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Crisis In Syria

The body count surges in Syria. The U.S. closes its embassy. Russia and China have the West fuming over their U.N. veto. Where is this headed?

Committees in Syria, anti-Syrian regime protesters, burn tires and wave Syrian revolution flag during a demonstration in the suburb of Daraya, Damascus, Syria, on Saturday Feb. 4, 2012. (AP)

Committees in Syria, anti-Syrian regime protesters, burn tires and wave Syrian revolution flag during a demonstration in the suburb of Daraya, Damascus, Syria, on Saturday Feb. 4, 2012. (AP)

The sound and images out of Syria the last few days are terrible.  Government artillery shells on suburban neighborhoods and heavy machine gun fire in the streets.  Many dead.  American outrage at the UN over Chinese and Russian vetoes of heightened pressure is full volume.  “Travesty,” said Hillary Clinton.  The U.S. embassy in Damascus, now closed.  Civil war in Syria – here or coming, say many.  President Obama says no military intervention, but arms are moving.  Where does this go?

This hour, On Point:  Syrian nightmare.  Syrian powder keg.

-Tom Ashbrook

Guests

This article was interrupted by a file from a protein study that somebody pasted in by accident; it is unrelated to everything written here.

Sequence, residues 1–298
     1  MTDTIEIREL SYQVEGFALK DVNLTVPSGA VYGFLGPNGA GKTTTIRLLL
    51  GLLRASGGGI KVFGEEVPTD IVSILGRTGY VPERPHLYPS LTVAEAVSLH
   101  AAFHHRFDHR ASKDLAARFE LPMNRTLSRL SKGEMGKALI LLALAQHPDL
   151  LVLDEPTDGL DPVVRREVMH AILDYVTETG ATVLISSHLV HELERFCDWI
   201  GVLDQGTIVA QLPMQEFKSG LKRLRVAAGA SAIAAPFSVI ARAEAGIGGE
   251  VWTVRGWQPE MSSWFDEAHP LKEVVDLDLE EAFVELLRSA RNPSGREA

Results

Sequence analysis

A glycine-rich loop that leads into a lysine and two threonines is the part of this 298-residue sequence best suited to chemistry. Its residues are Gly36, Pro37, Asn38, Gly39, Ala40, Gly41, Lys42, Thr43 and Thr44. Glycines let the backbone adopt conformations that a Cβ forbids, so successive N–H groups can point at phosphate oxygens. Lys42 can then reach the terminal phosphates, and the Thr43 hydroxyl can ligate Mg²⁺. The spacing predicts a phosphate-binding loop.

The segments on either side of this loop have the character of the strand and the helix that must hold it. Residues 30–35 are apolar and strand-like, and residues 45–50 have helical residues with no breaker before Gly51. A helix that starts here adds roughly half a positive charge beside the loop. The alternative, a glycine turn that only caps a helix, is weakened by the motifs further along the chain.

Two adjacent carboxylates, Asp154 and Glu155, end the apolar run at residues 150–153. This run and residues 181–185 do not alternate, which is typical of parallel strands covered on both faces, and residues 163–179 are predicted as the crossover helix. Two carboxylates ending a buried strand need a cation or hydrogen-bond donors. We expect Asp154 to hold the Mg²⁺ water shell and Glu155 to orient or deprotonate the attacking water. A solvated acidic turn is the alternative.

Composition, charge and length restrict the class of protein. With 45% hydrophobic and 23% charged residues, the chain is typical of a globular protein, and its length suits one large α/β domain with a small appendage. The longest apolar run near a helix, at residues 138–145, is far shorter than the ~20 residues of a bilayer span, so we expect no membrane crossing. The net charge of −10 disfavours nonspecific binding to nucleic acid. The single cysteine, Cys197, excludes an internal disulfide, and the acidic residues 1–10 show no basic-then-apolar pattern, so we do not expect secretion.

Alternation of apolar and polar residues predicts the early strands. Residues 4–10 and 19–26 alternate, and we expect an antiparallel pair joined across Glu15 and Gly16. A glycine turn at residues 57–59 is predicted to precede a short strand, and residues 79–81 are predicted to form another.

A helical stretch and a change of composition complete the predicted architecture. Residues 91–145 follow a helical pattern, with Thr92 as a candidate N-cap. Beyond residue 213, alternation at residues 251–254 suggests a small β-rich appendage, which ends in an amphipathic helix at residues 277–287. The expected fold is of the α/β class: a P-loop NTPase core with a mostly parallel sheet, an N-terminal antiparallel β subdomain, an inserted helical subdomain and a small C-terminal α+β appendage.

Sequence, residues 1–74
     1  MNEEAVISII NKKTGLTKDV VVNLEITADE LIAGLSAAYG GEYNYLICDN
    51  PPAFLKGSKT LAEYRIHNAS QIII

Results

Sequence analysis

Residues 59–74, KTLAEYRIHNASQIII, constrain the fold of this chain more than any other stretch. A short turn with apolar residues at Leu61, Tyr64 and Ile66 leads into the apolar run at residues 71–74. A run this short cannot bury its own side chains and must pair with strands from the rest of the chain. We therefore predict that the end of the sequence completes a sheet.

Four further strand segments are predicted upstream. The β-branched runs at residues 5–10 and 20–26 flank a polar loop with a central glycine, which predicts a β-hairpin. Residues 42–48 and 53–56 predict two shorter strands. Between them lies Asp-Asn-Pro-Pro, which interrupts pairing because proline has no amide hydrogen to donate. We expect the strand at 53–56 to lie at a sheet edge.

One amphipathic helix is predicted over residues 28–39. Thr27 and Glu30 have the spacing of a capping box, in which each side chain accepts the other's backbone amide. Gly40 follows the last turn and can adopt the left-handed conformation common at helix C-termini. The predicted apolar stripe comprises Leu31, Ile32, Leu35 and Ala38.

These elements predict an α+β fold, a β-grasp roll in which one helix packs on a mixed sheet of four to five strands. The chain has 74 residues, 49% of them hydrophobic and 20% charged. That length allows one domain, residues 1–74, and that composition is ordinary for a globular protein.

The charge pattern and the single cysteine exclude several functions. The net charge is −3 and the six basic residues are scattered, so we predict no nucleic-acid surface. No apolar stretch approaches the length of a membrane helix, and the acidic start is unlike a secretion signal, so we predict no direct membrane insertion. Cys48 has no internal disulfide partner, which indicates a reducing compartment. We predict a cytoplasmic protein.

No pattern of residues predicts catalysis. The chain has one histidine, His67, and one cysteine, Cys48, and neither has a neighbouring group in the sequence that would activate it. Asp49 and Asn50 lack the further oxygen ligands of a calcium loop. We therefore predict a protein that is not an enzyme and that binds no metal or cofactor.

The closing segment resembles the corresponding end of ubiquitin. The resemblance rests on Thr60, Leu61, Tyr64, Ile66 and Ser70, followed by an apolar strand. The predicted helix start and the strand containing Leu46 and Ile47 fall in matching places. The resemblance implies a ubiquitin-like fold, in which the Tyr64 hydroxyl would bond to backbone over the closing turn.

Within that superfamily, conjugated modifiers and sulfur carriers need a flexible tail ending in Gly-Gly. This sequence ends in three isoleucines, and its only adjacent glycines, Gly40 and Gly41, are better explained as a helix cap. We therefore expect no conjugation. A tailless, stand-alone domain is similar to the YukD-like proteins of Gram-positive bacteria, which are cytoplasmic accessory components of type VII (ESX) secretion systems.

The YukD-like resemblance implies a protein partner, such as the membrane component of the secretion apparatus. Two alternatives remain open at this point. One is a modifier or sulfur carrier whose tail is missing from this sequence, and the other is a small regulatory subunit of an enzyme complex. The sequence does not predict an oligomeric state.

Abigail Fielding-Smith, correspondent with the Financial Times based in Beirut.

Joshua Landis, director of the Center for Middle East Studies at the University of Oklahoma. He runs a blog SyriaComment.com.

Edward Djerejian, founding director of the James A. Baker III Institute for Public Policy at Rice University. His career in the U.S. Foreign Service spanned the administrations of eight presidents from John F. Kennedy to Bill Clinton. He was formerly the U.S. ambassador to Israel. You can find his recent op-ed for CNN on the situation in Syria here.

From Tom’s Reading List

Foreign Policy “As world leaders huddle at the United Nations to debate whether to demand Bashar al-Assad’s ouster, the smart money is already betting that his time is short. The president of Syria is a “dead man walking,” according to one U.S. diplomat, a view shared by Israel’s military and predicted by a surveyed group of foreign policy experts. Reports of Assad’s death, however, appear greatly exaggerated. The Syrian president has survived almost a year of demonstrations and growing violence, and if not pushed by outside actors he may yet cling to power.”

Al Jazeera “The US has closed down its embassy in Syria and pulled all of its employees out of the country, amid reports that the Syrian military is intensifying its assault on the central city of Homs.”

CNN “The Syrian regime under President Bashar al-Assad approached the outset of the Arab awakening in Tunisia and Egypt in a state of politico-psychological denial.”

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